Concert Notes

Bartók’s Violin Concerto No. 2

Notes by TŌN violinist Samuel Frois

A Significant Work 
Bartók’s Violin Concerto No. 2 is one of the most significant works in the violin concerto repertoire. Written between 1937 and 1938, the concerto is a testament to the Hungarian composer’s unique compositional style and his love for folk music. It is a challenging piece that showcases the violinist’s technical and interpretive skills, and its emotional intensity is sure to move any listener. It is a testament to Bartók’s genius as a composer and his profound understanding of the expressive possibilities of the violin. 

The Music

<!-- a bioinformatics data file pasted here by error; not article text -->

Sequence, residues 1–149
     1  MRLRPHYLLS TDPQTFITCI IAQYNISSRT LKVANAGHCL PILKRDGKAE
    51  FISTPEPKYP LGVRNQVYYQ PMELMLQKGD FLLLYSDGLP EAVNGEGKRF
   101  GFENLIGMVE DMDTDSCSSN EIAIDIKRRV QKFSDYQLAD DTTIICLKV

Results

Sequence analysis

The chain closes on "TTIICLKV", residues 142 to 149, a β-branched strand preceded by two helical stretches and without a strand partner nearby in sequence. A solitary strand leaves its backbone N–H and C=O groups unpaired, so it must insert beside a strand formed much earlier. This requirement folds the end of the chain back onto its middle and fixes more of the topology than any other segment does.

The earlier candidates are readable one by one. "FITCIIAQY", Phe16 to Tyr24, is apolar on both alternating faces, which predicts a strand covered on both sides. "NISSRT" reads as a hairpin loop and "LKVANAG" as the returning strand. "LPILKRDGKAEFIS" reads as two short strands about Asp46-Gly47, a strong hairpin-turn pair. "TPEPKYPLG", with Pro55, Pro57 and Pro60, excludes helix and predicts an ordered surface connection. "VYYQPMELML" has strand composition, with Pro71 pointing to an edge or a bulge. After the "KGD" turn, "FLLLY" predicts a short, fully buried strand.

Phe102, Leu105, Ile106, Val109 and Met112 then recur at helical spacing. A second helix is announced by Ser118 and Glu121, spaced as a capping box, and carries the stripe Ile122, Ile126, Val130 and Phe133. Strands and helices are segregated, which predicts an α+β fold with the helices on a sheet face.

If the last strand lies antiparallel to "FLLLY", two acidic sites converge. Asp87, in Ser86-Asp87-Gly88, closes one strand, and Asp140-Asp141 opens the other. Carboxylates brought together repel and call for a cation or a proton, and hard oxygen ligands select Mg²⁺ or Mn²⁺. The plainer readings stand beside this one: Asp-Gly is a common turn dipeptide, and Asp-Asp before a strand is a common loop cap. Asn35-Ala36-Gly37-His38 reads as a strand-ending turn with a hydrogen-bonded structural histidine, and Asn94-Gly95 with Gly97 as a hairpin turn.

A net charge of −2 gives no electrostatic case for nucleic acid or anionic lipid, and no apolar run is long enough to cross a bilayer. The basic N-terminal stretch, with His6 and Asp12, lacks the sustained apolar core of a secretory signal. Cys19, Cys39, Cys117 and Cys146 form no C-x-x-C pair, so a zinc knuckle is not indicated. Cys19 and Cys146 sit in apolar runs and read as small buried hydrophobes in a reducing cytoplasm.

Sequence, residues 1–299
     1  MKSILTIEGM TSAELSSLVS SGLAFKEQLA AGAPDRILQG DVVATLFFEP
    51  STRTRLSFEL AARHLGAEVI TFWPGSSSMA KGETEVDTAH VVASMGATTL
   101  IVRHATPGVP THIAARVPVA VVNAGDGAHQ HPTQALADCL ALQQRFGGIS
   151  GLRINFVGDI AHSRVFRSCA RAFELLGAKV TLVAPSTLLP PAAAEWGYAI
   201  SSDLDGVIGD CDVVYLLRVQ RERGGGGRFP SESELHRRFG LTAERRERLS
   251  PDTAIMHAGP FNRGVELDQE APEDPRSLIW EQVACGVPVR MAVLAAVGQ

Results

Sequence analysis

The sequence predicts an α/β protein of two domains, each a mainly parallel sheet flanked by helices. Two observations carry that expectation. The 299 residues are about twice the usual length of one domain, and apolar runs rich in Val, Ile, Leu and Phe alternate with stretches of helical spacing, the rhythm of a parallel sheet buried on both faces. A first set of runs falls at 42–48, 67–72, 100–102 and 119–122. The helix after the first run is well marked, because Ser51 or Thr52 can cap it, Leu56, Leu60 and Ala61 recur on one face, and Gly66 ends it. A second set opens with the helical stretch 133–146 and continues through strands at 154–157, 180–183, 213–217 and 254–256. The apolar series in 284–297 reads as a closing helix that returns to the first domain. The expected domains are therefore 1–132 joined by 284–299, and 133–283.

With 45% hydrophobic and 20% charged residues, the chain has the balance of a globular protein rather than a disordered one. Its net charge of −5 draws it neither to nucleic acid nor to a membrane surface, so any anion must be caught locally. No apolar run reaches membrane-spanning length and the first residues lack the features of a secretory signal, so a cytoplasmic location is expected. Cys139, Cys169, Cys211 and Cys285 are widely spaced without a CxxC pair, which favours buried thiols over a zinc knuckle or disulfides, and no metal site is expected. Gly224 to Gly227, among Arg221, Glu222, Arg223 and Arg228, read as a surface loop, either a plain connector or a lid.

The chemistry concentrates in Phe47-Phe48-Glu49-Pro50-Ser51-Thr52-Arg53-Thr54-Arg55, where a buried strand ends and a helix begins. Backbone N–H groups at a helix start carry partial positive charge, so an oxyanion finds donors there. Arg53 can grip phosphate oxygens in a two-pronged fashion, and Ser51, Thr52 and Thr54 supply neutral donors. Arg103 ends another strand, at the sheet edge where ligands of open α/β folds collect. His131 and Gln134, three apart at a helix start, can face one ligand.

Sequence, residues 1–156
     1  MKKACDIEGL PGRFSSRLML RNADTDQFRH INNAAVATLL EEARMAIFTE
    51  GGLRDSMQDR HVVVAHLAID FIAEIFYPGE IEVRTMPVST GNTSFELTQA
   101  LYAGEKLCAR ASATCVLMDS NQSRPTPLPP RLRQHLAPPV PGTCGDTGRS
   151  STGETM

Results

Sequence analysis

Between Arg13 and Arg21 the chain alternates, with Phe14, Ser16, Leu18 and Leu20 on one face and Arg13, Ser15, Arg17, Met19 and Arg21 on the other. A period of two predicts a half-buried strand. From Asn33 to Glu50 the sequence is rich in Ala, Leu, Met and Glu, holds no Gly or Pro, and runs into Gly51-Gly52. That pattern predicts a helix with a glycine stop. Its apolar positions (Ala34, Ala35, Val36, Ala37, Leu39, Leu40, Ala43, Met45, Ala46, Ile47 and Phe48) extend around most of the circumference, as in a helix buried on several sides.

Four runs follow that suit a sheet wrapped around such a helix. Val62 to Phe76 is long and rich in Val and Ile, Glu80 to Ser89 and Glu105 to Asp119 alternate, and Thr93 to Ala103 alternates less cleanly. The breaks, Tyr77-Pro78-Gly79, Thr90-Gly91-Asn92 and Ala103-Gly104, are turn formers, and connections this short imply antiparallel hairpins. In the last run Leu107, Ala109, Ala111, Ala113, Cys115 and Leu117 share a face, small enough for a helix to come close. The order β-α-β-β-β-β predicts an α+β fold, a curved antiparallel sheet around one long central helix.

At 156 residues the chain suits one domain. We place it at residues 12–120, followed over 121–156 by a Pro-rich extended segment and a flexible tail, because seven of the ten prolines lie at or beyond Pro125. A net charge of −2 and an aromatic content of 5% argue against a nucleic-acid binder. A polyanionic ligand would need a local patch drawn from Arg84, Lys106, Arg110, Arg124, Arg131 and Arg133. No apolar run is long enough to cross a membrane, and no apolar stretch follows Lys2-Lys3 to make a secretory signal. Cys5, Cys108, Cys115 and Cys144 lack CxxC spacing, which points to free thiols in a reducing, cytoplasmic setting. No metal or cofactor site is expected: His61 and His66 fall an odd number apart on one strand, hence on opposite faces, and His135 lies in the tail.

The concerto is divided into three movements, each with its own distinctive character. The first movement begins with a haunting melody played by the solo violin. The orchestra then enters with a pulsating rhythm, which builds to a frenzied climax before subsiding back to the soloist. The movement is characterized by a dark, brooding atmosphere, with hints of the composer’s signature use of dissonance. The second movement is a stark contrast to the first. The solo violin introduces a serene, almost hymn-like melody, which is then taken up by the orchestra. The movement has a hypnotic quality, with the orchestra providing a lush and dreamy backdrop for the soloist’s ruminative musings. It is a beautiful and introspective piece that showcases Bartók’s ability to create compelling and evocative music. The final movement is a tour-de-force of virtuosity and energy. The solo violin leads the charge with a series of virtuosic runs and trills, which are echoed and expanded upon by the orchestra. The movement is characterized by its intense rhythmic drive and its use of folk-inspired themes. It is a fitting conclusion to the concerto, bringing the piece to a thrilling and satisfying close.